FlightView has somewhat of a utopian vision where mobile devices tracked by airports aren't attached to passenger identities. In the real world, it's not clear how private this mobile tracking actually would be.
Navigating through many U.S. airports requires courage, stamina and an abundance of patience, and more than half of passengers say they’d let an airport track their mobile devices if it meant getting accurate, updated wait times to help alleviate airport stressors.
The caveat is that travelers wouldn’t want to give up any personally identifiable information in the process.
FlightView, a flight information company, released the results of its latest survey revealing 53% of U.S. travelers would let airports track their mobile devices without giving up personally identifiable information if it meant getting real-time updates on security lines, wait times at Customs and ticket counters, walking times between gates and more. The survey’s demographics include 63% leisure travelers and 37% business travelers from 2,104 respondents polled from across the country.
“Airports wouldn’t actually know your identity if they tracked your device,” said Katherine Wellman, a spokesperson for FlightView. “Instead, their thought process would be, ‘We don’t know who you are, we just know this is just the path that you’ve taken through the airport.’ Passengers also recognize that this would add a lot of value for them, that the airport could run much more efficiently if it could track where blockages occur.”
Mobile tracking already happens at some U.S. airports, such as Cincinnati/Northern Kentucky International Airport. The report points to findings from SITA indicating that half of the top 50 airports with the highest passenger traffic plan to run projects with testing Beacons and mobile devices over the next three years, and 19% plan to evaluate the inclusion of wearable technologies. SITA’s current pilot at Miami International Airport uses 270 Beacons to track passenger flow, aggregate that information and present users with that info in a mobile app.
From its mobile tracking initiatives at North American airports, SITA also reported that an extra 10 minutes in a security line reduces an average customer’s retail spend by 30%.
FlightView’s survey also found that 63% of travelers wish TSA’s PreCheck program was more widely available. This was the most-sought after element, followed by automatic check-in (54%), automated border control tech (43%) and passport scanners (41%).
Airports realize that travelers want more insight into their airport experiences but determining how to disseminate this information on mobile devices is what remains a challenge.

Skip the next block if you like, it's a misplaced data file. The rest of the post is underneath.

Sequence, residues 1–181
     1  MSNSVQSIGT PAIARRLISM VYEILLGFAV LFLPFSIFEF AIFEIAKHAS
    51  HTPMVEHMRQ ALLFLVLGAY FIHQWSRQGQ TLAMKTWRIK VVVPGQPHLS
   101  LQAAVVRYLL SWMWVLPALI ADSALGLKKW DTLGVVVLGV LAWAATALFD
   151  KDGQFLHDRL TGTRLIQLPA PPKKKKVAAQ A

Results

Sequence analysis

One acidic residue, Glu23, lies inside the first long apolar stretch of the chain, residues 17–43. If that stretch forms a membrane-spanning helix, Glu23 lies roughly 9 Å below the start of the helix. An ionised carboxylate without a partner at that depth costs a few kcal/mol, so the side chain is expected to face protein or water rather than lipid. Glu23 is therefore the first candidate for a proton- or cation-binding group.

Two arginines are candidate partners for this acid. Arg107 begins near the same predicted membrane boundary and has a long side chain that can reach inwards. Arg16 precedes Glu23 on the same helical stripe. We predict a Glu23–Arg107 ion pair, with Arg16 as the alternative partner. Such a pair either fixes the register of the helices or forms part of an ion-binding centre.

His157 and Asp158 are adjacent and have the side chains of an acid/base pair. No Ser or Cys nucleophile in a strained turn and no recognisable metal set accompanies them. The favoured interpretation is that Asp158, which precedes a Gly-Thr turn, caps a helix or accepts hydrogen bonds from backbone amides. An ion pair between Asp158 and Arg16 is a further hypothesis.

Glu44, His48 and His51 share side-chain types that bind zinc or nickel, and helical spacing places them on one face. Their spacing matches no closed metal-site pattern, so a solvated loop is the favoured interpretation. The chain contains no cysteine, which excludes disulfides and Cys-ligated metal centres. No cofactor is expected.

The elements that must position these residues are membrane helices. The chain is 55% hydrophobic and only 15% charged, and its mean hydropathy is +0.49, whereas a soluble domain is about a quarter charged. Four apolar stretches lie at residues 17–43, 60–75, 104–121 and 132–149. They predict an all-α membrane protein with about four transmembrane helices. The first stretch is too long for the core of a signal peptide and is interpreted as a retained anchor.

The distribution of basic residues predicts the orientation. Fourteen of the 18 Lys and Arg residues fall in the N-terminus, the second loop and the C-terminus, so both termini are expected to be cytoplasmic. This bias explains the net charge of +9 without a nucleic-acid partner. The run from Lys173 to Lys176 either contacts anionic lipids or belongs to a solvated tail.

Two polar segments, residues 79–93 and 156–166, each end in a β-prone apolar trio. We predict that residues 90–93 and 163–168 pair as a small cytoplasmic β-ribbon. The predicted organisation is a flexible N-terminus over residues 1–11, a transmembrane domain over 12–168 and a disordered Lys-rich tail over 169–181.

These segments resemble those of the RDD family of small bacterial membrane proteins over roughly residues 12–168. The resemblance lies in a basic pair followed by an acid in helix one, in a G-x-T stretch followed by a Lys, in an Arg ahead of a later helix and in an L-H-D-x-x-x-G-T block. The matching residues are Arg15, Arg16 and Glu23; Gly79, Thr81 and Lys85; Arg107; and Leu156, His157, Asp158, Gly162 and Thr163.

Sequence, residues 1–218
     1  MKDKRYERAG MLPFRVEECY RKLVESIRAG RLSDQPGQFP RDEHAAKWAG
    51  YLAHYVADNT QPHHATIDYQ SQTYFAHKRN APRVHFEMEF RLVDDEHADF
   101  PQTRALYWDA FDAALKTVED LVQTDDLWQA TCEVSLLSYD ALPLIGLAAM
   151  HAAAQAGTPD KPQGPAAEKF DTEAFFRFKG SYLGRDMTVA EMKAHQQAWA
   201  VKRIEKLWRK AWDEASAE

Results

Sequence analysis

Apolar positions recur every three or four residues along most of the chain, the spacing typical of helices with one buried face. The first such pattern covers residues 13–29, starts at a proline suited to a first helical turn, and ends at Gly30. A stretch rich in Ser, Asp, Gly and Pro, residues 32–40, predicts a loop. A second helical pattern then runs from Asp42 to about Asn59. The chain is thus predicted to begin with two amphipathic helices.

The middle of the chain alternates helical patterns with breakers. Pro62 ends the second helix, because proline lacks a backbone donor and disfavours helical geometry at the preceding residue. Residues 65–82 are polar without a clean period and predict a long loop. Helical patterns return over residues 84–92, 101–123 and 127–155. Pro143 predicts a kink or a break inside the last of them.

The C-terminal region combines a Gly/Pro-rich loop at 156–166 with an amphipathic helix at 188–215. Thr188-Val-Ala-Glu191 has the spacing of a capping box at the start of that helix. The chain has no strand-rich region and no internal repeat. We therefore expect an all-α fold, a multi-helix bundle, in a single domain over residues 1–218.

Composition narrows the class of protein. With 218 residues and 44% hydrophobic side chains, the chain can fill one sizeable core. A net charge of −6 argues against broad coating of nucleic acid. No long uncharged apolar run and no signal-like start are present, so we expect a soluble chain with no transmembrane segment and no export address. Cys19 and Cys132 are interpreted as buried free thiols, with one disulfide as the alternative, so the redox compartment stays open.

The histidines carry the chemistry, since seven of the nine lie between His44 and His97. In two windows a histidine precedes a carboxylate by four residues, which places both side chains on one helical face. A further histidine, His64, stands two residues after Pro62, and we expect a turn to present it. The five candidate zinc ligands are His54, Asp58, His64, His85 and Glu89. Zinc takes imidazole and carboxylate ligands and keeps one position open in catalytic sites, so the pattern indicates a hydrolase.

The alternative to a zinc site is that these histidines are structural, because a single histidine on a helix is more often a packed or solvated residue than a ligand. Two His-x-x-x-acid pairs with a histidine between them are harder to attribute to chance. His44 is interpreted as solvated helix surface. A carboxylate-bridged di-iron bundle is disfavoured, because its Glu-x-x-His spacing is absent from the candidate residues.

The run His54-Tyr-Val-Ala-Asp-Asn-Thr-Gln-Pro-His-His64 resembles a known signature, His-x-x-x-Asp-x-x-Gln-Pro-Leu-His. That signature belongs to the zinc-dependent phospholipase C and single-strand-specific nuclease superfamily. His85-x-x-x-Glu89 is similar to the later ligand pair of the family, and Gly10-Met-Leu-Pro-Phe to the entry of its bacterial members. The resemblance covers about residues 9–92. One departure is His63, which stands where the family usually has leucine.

“Airports have really been focused on mobile websites in recent years,” said Wellman. “Why would I want an app for an airport that I only go to once a year? I’ll just use the mobile website and won’t have an extra app on my device. There’s now a lot of richer functionality that airports can provide. There are some companies trying to place you on a terminal map as a blue dot like Google Maps does.”
Wellman also foresees airport apps making a comeback in the future.
“I think airports will eventually go back to the idea of providing an app,” said Wellman. “What I’ve heard more of through our partners is that airports really want their own app and own branding with lots of great information about their own airports. Maybe some day it will swing back the other way with an aggregator, but airports seem focused on a great app focusing on themselves.”
The FlightView survey also found that 84% of respondents said they expect airports to keep them updated on their flight’s status. The survey didn’t ask which party passengers would prefer receiving notifications from, airports vs. airlines, but this result still exemplifies the larger role passengers want airports to play in their trips. Currently, 50% of airports offer flight status notifications via mobile, according to SITA, and another 40% are expected to add this by 2017.
“Airports are starting to get a lot more information on so many other things like security wait times,” said Wellman. “The airline can only tell them about the flight, the airport can tell them about a variety of things that could impact their trip.”
The survey was conducted in September and distributed to FlightView’s app users.
Following is the full survey:
Photo credit: An example of a Beacon device in an airport. SITA